Sunday, 10 April 2016

Spinning My Wheels

I have a tendency to avoid my problems rather than trying to find a way to solve them.

It’s a tactic I have deployed ever since I can remember.

Since my diagnosis with depression, I have found keeping busy helps me manage my mental health. But is this also an avoidance tactic?

I am a sucker for keeping busy. I feel compelled to do it. I’m a volunteer. I’m a volunteer team leader. I’m an ambassador. I work two jobs. I teach a class mid-week. I can’t enjoy free time without feeling guilty that I should be doing something else. So I multi-task. I write blog posts while also catching up with my favourite TV shows. I read or blog during my commute to work. I spend my free time in the bath (relaxing and washing).
I rush from one place to another, armed with my to-do list.
Multi-tasking helps me avoid anxiety, but then causes more anxiety as I struggle to keep on top of all I have taken on.

But continually keeping busy only serves as a distraction from my mental health difficulties. It doesn't address the problem or work to find a solution.
I thought it was healthy to keep busy, but when I was exploring Cause and Effect during Embrace Your Past month, I learned that I was wrong.

As I attempt to Be Free of stress and my busy schedule this month, I need to better understand my multi-tasking.
Little did I know, it can be categorised as a specific type of depression.

In 'Undoing Depression: What Therapy Doesn't Teach You and Medication Can't Give You', Richard O'Connor describes this insistence on continually keeping busy as 'Spinning-your-wheels depression'.

People with 'Spinning-your-wheels depression' push themselves too hard and don't get anywhere. They have difficulty prioritising. They never take time off and are angry at themselves because of this. To them, everything feels like an emergency.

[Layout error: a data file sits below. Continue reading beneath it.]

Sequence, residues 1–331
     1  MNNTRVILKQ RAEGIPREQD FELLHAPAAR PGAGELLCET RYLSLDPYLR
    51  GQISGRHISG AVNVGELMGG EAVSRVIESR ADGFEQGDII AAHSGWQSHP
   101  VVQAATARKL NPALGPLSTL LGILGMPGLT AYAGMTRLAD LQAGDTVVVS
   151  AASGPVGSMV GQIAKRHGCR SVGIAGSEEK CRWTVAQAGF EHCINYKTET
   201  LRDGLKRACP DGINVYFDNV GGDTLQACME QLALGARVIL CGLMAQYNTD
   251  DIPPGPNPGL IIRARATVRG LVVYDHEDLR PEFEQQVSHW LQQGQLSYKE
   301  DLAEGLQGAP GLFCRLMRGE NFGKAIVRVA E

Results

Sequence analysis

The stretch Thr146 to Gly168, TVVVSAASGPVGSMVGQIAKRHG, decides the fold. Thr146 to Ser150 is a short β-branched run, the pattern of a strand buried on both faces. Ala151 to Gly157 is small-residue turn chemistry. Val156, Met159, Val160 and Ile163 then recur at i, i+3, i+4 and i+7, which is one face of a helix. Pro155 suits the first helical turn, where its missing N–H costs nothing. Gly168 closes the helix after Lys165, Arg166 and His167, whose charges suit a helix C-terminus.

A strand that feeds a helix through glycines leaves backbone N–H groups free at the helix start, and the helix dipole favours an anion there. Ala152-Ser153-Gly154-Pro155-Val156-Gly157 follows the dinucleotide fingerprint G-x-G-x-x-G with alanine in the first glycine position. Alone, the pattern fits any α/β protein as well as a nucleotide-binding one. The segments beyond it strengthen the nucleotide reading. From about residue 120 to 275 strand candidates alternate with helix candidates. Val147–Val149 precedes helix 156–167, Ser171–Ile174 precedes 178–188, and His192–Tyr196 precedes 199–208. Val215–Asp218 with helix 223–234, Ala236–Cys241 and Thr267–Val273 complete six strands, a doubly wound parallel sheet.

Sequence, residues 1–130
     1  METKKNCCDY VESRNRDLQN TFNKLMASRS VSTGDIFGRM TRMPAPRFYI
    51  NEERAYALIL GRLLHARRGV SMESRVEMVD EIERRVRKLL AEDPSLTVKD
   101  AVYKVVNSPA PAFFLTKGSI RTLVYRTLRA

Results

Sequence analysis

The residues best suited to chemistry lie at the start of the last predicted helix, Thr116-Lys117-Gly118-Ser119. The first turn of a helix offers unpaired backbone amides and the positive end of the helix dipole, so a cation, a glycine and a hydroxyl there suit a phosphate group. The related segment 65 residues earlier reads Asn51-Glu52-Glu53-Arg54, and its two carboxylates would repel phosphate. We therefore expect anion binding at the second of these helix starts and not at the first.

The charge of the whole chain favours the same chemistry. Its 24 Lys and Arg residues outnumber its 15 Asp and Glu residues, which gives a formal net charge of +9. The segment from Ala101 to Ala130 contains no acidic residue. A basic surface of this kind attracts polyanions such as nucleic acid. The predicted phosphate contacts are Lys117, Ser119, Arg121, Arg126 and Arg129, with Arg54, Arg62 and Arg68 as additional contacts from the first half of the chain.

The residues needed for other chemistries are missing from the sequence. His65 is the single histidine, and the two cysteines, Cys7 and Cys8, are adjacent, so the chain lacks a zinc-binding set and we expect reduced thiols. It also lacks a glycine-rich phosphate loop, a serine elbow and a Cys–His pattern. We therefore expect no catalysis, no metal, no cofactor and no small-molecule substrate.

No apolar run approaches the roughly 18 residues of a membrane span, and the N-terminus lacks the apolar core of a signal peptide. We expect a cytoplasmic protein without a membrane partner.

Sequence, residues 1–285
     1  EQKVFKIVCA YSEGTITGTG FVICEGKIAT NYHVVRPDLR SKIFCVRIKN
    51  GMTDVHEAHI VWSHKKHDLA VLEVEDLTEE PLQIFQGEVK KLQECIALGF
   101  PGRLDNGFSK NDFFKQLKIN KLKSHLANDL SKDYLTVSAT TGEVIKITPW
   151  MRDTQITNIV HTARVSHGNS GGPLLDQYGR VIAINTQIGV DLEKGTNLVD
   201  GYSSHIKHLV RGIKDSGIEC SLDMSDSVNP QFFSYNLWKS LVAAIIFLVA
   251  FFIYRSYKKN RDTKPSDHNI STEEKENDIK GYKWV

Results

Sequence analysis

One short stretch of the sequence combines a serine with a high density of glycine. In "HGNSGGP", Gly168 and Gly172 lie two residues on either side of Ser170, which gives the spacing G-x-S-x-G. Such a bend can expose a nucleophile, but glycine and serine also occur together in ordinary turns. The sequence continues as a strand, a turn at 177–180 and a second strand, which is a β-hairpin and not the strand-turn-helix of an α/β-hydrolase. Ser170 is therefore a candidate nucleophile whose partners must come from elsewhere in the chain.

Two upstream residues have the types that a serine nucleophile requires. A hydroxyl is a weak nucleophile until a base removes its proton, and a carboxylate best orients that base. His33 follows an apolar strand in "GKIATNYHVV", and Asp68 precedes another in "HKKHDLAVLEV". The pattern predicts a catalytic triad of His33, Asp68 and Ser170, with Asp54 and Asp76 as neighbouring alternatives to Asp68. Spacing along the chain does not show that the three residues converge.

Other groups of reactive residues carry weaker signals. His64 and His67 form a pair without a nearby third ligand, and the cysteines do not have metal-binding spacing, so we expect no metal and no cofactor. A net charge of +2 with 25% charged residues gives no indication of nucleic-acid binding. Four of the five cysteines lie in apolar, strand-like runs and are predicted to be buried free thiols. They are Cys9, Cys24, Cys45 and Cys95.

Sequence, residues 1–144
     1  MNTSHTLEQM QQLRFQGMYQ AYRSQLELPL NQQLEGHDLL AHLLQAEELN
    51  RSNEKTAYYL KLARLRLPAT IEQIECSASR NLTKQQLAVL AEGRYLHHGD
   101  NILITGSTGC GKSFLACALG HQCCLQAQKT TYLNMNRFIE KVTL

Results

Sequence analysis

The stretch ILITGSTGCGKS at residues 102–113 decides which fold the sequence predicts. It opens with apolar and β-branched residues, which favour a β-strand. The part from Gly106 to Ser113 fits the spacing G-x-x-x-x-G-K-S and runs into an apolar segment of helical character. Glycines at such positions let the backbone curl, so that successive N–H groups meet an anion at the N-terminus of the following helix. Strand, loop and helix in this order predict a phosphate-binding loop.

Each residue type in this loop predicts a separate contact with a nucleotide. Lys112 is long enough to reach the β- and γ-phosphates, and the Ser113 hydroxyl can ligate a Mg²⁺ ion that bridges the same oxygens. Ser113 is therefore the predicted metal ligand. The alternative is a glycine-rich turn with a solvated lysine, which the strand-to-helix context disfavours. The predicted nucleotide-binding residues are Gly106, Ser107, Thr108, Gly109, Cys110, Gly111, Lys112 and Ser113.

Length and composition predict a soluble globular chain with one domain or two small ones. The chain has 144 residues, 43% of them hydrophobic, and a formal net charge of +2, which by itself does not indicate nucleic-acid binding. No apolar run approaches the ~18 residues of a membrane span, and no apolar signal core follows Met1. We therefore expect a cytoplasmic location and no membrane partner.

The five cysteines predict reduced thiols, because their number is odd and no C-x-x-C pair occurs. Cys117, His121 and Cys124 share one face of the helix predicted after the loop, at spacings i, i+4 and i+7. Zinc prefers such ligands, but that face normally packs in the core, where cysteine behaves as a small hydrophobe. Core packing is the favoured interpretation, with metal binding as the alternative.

And why? Well, it’s all an avoidance tactic:
"They take on too much because they fear that if they stop or slow down the emptiness will catch up to them."
It serves as a distraction. Rather than being an effective coping strategy, it is extremely unhealthy.
"Hard work itself becomes a skill of depression, something that demands so much attention that you rarely think about yourself, your own needs and feelings."
The risk is that we can burn ourselves out. Easily. The added workload, the continued search for work, in the end it just causes more stress. I've felt it. I know that some days I am about to collapse.

But how do we turn 'Spinning-your-wheels depression' on its head?
O'Connor says willpower and self control are essential. We need to learn to relax and find ways to add joy and satisfaction without creating more work. It sounds like such a simple and obvious solution; but the reality is that keeping busy and having responsibilities has always been my coping mechanism. I don't know how to manage my depression without it.

Richard O’Connor’s book also contains this pretty incredible quote:
"Recreation means re-creation of the self".
Recreate myself, eh? That's what this whole year of resolutions is all about. And it seems that learning how to properly unwind and do nothing is going to play a huge part of that. It won't come naturally to me and it won't happen overnight; but I am dedicated to stop spinning my wheels.

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